Overall alcohol consumption in Australia has declined in recent decades, with a 60 per cent drop since the mid-1970s.

Clinton quit drinking seven years ago and now helps the world celebrate sober

Clinton and Lozen's business is Aboriginal owned and run. They are among 450 small brewers producing three-and-a-half per cent of total beer sales in Australia.  

And their Sobah range is flavoured by Indigenous ingredients like finger lime and pepperberry.

“We wanted to give an everyday experience for Australians to try some of the wonders of their native produce,” he says.

The beers are brewed using a special yeast sourced from grape skins, to create the beer flavour without the alcohol.

“It actually doesn’t consume the maltose and it’s largely the consumption of maltose by yeast that produces the ethanol or the alcohol within beer. So, as our yeast isn’t consuming that maltose, we’re not getting the ethanol or the alcohol,” he says.

And it’s not just Australians enjoying the taste of this new brew.

Clinton is proud to have grown the business over four years.
Source: Supplied Clinton Schultz

“We are expanding overseas. We started exporting to New Zealand three months ago, and we're about to launch in both Hong Kong and Singapore.”

It’s a big step for this small Indigenous business, which Clinton started while running a food truck selling native inspired dishes like emu burgers and lemon myrtle iced tea.

“We are extremely proud of what we've been able to achieve in such a short time, and it has only been four years.”

However, Sobah’s success puts it in a minority among Indigenous businesses this year. 

Indigenous Business Australia is one of the federal government-funded bodies supporting Indigenous founders. It has backed 684 Aboriginal and Torres Strait Islander businesses with $21million in capital assistance to the end of August 2021 through its COVID Relief Package.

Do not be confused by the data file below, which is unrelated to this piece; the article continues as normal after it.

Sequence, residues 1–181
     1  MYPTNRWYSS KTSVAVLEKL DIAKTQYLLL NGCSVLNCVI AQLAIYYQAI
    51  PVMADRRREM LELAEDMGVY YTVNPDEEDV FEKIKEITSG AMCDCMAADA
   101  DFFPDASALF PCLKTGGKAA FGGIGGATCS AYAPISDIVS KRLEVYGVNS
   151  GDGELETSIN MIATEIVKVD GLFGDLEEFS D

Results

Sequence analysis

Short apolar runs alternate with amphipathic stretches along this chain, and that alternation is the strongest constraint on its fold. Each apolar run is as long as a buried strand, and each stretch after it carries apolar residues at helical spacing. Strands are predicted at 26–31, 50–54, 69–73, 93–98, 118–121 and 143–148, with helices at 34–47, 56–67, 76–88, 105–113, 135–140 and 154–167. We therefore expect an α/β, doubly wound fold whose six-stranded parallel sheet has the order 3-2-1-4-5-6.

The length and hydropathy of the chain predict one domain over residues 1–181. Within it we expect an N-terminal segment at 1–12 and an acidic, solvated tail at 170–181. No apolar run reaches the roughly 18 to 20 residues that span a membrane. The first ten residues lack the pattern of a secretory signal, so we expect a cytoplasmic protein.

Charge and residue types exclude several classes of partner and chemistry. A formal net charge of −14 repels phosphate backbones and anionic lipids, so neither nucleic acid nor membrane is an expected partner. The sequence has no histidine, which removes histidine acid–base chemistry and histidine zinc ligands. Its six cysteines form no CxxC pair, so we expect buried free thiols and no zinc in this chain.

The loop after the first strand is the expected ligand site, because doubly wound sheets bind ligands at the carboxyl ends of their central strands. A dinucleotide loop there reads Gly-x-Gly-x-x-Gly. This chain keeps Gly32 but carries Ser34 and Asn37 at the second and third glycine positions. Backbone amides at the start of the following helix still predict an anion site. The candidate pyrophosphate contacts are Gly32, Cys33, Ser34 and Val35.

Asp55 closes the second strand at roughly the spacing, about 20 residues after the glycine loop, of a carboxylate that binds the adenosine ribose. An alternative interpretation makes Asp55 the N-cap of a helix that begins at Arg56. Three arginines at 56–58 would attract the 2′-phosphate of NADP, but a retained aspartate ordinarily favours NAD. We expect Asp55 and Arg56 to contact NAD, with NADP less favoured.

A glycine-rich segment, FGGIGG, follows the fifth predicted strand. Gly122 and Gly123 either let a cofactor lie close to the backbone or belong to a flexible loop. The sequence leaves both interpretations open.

October is Indigenous Business Month, and IBA Executive Director Government & Public Relations, Sean Armistead, says Indigenous tourism businesses in particular have struggled during the pandemic with a significant decline in revenue due to border closures.

Clinton Schultz with his children Bowen, Waylon and Maliyan.
Source: Supplied Clinton Schultz

Clinton and Lozen raise funds from many sources and expect to spend more than $5 million developing their Gold Coast brewery in the next year. 

“As Sobah grows, it is going to provide a whole bunch of opportunities, not just for local mob here, but for First Nations people around the country."

The majority of Sobah's seven employees identify as First Nations, he says. 

And Clinton hopes soon to collaborate with other like-minded entrepreneurs.

“We are in talks with other First Nations people about potentially acquiring some of our shares in Sobah so that we can inject that back into the business.

“The brewery will be set up as a training facility, to bring First Nations people into a culturally appropriate setting,” he says.

“I want to support young First Nations peoples here on the Gold Coast to learn more about their identity, the positive aspects of who they are to try and give them a solid grounding for their future.”

A list of organisations, websites and services that offer alcohol support, counselling and information can be found at health.gov.au


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Published 16 October 2021 at 6:59am
By Sandra Fulloon
Source: Small Business Secrets